The process of conducting a property valuation has always been more art than science. This is especially true in today's fluctuant property market; at this time it is harder to arrive at a solid figure than ever before. The reasons behind this are diverse but put simply, the causes of the 'credit crunch' that have had major implications on the property market are predominantly down to the over spending of American loaning companies. With too many payments defaulted, it is now the case that mortgage lenders are less likely to lend and subsequently, less properties are being sold. Despite this people are still putting their properties on the market and the valuation process is essential in doing this.
This situation can however have detrimental effects any valuation given. Many unscrupulous operators out there hold the belief that as valuations will vary so greatly, it is now time to give purposely inaccurate valuations. This is not however the whole property industry; there are still ethical operators out there that do not want to hoodwink people on their quest for profit. These kinds of operators do their best to draw on the experience and knowledge to come up with a valuation that is as realistic as possible.
The hardest task for estate agents at the moment when making a property valuation is to exactly determine the current state of the market. This problem has a twofold effect on the valuation process. The first of these is that agents will find it hard to arrive at a figure when they have no idea what the state of the market will be in the coming weeks. Secondly, as the property market is constantly shifting, the task of finding solid comparisons for any particular property is also difficult. Subsequently these two factors make arriving at a figure difficult.
Good agents will make their clients aware of these limitations from the outset, informing them that any valuation figure will be subject to change. The risk of pricing a property too highly or lowly is a constant worry. For instance a house or flat that has been valued one week, may find itself, amid a property market in downfall seriously overpriced a week later. Hence the residence may be overpriced and less likely to sell. Additionally, if an agent tries to accommodate for falling prices in their valuation and the price drops do not occur, the residence will be under priced, losing the client and the agent money.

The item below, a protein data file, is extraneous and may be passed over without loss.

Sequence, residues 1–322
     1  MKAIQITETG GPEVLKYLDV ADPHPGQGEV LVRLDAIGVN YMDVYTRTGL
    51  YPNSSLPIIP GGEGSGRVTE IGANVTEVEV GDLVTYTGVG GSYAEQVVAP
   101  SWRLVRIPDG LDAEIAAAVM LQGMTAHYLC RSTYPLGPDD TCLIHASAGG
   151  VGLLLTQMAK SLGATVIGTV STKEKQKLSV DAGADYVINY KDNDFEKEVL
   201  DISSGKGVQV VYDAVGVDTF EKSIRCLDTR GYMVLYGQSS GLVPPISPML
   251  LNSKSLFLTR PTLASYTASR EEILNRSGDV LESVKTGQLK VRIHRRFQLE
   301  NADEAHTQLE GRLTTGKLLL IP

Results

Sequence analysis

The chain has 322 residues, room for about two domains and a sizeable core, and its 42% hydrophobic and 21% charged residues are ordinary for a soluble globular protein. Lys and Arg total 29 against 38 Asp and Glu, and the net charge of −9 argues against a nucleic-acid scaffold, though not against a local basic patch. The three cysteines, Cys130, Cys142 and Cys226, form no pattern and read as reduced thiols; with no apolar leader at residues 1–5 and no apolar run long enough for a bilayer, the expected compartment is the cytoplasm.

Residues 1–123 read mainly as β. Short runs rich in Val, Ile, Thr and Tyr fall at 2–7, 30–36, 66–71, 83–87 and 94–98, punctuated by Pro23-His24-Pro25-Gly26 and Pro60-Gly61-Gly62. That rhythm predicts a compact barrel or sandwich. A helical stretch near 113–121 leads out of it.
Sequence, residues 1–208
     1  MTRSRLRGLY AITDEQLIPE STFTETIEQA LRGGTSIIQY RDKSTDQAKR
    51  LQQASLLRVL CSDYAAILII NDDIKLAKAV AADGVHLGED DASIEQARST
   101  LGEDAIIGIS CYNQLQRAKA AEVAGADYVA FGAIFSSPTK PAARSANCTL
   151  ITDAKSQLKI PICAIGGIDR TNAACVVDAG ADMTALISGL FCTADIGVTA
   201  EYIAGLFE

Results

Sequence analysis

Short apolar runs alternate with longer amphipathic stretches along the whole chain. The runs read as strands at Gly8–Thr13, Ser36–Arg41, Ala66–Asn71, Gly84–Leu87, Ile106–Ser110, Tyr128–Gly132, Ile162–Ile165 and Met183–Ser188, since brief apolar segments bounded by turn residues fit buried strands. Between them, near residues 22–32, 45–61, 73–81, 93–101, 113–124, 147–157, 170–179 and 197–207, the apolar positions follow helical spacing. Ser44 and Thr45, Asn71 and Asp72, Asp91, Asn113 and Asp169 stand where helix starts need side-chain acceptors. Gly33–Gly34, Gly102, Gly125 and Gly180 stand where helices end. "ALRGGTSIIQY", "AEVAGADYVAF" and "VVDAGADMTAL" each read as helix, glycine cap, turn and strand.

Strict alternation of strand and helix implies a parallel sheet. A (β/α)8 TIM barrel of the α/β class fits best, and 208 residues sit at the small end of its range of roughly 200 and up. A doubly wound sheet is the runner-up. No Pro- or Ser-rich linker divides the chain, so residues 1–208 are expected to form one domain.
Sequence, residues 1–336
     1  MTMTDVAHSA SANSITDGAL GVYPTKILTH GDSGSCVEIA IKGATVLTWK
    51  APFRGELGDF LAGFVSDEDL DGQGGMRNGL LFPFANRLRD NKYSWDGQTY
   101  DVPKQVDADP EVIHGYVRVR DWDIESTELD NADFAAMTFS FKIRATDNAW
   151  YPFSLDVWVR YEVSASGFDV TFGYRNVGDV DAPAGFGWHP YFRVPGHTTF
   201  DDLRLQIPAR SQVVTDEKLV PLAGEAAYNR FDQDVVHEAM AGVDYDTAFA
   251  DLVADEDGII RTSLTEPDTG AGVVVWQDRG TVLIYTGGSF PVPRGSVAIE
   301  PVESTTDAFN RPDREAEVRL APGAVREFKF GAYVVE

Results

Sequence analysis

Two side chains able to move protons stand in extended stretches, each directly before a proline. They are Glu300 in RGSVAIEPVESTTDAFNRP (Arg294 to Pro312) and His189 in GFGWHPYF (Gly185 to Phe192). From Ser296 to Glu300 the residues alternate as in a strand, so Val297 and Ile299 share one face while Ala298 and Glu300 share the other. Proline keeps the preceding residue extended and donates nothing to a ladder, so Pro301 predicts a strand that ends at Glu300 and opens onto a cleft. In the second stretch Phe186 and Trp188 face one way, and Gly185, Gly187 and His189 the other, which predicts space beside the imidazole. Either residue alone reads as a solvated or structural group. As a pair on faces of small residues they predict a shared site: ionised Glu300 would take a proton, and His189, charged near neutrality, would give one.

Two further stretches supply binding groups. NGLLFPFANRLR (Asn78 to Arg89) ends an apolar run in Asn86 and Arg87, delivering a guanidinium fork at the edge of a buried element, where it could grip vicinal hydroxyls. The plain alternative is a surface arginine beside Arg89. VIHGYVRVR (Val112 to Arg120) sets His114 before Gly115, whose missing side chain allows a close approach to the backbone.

As a homeowner the best way to find the value of your home is to utilise as many resources as possible. Not only should you recruit a number of agencies from the outset but with the use of online valuing tools it is possible to find a more accurate figure. Online tools use data from a wide ranging database giving information on more properties than an agent can draw upon. Subsequently the accuracy will be increased. Be careful however, even these online valuing tools are not one hundred percent accurate as there is normally a delay with the data; they are still susceptible to the volatilities of the property market.
Valuing a residence has never been an easy process, in times where the market is in flux the task is made that much more difficult. As long as you can utilise a wide base of resources you should be able to find an accurate figure. Remember however that a property is worth only what the buyer is willing to pay for it; with the current sway towards the buyer in today's market, this truism holds more water than ever before.
Real estate expert Thomas Pretty looks into the difficulties involved when making an accurate property valuation.